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Metro OIG Takes Over Silver Line Case

Thursday, September 27, 2018

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The Washington Metropolitan Area Transit Authority’s Office of the Inspector General announced last week it will take over the investigation into quality-control issues on the $2.8 billion Dulles Corridor Metrorail Project Phase 2, commonly known as the Silver Line extension.

Previously, the WMATA had announced an independent review of issues on the project after a whistleblower lawsuit alleging fraudulent QC reports on concrete panels supplied by a subcontractor came to light in May. The OIG’s probe will supersede that investigation, according to Metro Inspector General Geoffrey Cherrington.

The OIG investigation will look specifically at the quality of the concrete used, as well as general practices on the project. It will also include “a study of potential future costs associated with increased maintenance or remedies that may be necessary as a result of construction quality issues,” according to the office.

A reported 115 of the concrete panels in question had to be replaced after showing early signs of deterioration; the remainder—nearly 1,400—will be treated with a silane sealer every 10 years for the duration of the structures’ existence, estimated at 100 years.

Fraud Allegations, Guilty Plea

The Silver Line project, being built by design-build contractor Capital Rail Constructors, was rocked by reports that employees of subcontractor Universal Concrete Products, of Stowe, Pennsylvania, falsified concrete test reports, certifying panels that were not made to specification. Andrew Nolan, who served as QC manager at the firm and allegedly oversaw the cooking of the books, pleaded guilty in August to one count of conspiracy to commit wire fraud, and agreed to cooperate with investigators.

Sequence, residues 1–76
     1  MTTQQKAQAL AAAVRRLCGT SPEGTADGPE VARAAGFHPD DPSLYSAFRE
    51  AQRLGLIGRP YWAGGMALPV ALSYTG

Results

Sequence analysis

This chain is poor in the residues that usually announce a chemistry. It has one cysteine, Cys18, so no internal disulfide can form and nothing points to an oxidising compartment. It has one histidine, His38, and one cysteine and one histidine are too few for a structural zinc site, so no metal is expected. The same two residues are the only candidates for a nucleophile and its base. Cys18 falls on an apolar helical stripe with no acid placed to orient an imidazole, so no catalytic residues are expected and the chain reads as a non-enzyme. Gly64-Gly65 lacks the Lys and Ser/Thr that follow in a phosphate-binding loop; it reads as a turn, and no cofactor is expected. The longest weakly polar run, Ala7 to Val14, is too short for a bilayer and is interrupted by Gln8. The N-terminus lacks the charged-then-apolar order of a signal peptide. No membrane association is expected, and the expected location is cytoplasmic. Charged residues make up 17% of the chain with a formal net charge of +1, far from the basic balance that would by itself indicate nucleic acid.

The QC team at UCP allegedly changed values on reports indicating the air and water content of the concrete mixtures, and sourced aggregate from a different quarry than it had originally proposed, potentially leaving the door open to the alkali-silica reaction, in which aggregate reacts with cement paste, often creating cracking and spalling.

The whistleblower lawsuit, filed in 2016 by former UCP quality-control employee Nathan Davidheiser, was joined this year by the federal government and commonwealth of Virginia. In addition to the allegations leveled against Nolan, the suit states that company executives ignored internal complaints about the fraudulent practice and in some cases demoted or even terminated employees who attempted to put a stop to the false reports.

UCP, according to NBC Washington, is still supplying concrete panels for the project. The company's conctract with Capital Rail Constructors was worth about $6.1 million.


Tagged categories: alkali-silica reaction (ASR); concrete; Criminal acts; Ethics; Fraud; NA; North America; Public Transit; Quality Control; Quality control

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